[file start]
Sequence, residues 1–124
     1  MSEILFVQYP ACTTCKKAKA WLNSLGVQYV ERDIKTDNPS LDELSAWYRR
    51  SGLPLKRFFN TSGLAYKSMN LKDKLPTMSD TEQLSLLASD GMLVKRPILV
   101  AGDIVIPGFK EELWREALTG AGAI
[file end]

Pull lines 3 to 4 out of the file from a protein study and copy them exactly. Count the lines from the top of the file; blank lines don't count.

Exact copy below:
    51  SGLPLKRFFN TSGLAYKSMN LKDKLPTMSD TEQLSLLASD GMLVKRPILV
   101  AGDIVIPGFK EELWREALTG AGAI